The internet is filled with useful tools designed to help make our marketing lives a bit easier. Some of the most useful ones come from a little company called Google. Google collects mountains of information about what people do online, what people search for, what they click on, etc.

Google Trends is a free tool that offers insights into the trends of Google searches – not necessarily¬†showing us how many people search for something in a day, but which searches are most popular and when. This data is extremely useful for marketers because we can identify when people begin looking for things. If we’re selling ski packages, it would be handy to know when people in Canada start searching for them. Do they wait for the first snowfall or are they planning months in advance? Google Trends can give us those answers.

The tool also provides us with information about related searches, searches by location and searches by type (Google, Google Images, Google News, YouTube, etc.). We can also look at data from previous years and identify patterns in consumer behaviour from year to year. Pretty useful information huh?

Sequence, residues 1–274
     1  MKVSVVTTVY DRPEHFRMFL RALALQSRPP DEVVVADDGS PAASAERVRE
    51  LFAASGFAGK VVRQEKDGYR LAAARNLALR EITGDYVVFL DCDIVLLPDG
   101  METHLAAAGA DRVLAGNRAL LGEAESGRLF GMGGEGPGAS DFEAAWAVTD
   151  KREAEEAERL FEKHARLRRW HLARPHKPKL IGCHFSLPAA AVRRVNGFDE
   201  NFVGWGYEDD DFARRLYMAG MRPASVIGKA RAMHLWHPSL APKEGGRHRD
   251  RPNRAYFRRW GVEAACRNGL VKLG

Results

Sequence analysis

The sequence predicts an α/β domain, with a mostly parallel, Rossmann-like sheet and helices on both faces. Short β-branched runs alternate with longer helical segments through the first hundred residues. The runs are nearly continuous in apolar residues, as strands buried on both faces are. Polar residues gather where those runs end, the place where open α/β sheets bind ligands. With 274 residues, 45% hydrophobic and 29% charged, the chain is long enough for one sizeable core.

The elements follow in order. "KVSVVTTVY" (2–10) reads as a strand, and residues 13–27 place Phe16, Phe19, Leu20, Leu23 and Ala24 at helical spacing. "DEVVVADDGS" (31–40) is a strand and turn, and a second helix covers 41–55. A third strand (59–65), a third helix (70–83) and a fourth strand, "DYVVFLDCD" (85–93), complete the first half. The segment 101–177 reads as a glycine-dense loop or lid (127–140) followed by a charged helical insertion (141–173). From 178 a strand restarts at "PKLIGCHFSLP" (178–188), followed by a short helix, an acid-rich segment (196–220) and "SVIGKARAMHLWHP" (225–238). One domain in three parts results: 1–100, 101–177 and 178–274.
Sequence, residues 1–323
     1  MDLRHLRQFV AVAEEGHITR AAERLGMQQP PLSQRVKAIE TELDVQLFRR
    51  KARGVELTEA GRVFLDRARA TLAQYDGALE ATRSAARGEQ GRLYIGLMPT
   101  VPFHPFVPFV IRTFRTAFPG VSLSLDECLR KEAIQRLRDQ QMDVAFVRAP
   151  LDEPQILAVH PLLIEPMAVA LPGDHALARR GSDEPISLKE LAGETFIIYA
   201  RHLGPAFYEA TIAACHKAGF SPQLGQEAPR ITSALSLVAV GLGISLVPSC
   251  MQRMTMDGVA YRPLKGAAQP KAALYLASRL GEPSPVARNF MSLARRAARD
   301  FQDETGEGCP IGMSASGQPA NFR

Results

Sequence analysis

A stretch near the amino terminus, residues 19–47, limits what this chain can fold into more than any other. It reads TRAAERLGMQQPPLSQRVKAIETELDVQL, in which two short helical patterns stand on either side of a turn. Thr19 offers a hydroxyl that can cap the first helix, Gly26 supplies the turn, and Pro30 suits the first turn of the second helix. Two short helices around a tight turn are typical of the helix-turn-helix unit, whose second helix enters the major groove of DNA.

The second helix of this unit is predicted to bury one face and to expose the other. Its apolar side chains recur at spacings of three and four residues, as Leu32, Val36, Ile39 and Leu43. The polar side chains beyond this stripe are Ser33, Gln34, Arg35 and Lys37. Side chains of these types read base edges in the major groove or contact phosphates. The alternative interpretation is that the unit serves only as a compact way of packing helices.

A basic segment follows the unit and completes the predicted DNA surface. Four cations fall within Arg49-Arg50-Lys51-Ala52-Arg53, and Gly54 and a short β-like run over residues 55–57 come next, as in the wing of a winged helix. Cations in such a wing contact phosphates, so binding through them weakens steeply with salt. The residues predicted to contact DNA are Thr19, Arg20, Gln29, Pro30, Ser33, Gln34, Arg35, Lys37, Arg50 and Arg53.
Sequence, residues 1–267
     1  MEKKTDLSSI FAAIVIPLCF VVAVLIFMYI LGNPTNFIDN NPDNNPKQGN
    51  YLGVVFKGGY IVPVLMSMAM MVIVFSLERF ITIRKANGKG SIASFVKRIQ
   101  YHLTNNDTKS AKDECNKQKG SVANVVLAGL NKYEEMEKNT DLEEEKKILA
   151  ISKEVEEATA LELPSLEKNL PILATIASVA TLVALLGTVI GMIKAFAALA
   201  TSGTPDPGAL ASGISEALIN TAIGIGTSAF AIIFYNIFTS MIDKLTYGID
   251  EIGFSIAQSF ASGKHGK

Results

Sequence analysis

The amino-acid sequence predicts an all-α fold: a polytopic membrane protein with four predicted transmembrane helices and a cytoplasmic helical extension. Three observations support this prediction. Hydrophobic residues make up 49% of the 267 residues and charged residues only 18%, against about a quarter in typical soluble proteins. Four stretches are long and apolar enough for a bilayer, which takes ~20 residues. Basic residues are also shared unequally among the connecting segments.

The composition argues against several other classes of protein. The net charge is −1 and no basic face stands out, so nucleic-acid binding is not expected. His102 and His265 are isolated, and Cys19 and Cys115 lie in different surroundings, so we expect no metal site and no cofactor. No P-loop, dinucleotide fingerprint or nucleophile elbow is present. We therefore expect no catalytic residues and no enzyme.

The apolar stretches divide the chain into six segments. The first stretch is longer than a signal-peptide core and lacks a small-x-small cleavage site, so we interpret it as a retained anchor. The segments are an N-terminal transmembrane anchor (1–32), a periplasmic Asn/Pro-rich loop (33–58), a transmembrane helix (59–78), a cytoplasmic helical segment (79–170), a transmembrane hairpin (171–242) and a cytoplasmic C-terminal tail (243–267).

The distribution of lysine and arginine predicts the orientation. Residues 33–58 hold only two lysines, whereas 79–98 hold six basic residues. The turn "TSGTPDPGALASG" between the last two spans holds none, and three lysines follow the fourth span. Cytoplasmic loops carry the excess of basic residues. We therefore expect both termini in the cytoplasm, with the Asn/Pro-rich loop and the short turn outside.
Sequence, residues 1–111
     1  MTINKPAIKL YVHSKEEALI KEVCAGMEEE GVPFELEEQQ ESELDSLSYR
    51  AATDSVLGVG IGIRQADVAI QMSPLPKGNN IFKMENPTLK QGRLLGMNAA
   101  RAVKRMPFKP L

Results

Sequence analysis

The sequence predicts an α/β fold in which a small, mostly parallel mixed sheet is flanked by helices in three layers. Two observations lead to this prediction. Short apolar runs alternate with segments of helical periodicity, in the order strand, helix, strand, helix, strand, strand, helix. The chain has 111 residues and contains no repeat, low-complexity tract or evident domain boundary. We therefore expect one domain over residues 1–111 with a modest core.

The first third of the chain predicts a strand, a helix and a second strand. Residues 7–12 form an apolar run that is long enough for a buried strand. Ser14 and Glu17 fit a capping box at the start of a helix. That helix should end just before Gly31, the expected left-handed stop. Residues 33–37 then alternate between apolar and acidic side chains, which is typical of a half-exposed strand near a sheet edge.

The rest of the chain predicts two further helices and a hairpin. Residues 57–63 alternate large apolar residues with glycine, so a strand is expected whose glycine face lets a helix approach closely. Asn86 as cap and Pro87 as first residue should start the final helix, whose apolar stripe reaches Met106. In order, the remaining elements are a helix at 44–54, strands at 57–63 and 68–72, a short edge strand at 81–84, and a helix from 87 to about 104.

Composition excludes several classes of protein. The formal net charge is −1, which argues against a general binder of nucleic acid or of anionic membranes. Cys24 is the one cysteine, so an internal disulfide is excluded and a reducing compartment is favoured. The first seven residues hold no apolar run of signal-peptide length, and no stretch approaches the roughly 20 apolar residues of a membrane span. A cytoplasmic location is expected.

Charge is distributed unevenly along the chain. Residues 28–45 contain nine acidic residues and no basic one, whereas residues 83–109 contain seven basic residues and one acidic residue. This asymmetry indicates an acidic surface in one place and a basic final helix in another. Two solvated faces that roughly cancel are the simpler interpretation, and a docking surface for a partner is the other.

Let’s look at a simple example and play a fun game.

Below is the data for the last 30 days of searches for two seasonal items (tis’ the season) – the “Grey Cup” (that’s the Canadian version of the Super Bowl) and Mariah Carey’s festive hit “All I Want For Christmas Is You”.

The lines on the graph don’t represent the exact number of searches but show “Interest over time”. Google explains “Interest over time” as…

“Numbers represent search interest relative to the highest point on the chart for the given region and time. A value of 100 is the peak popularity for the term. A value of 50 means that the term is half as popular. Likewise, a score of 0 means the term was less than 1% as popular as the peak.”

Let’s look at the “Interest over time” for these two items when searched in Google…


The blue and red stay pretty close until November 20th. Blue starts it’s upward trend and gets even higher throughout the week.

The second is the same search but in YouTube.


The story is very different on YouTube. Red is on an upward trend throughout November while blue stays pretty flat.

Based on the above graphics, can you guess which search phrase is red and which is blue? Click here for the answer.

Outside of playing a fun game, what have we learned? Instead of guessing what people are searching for and when they are searching for it, the information is readily available in Google Trends!

And just in case you’re not in the Christmas spirit yet…

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Post Written By:

Brian Siddle

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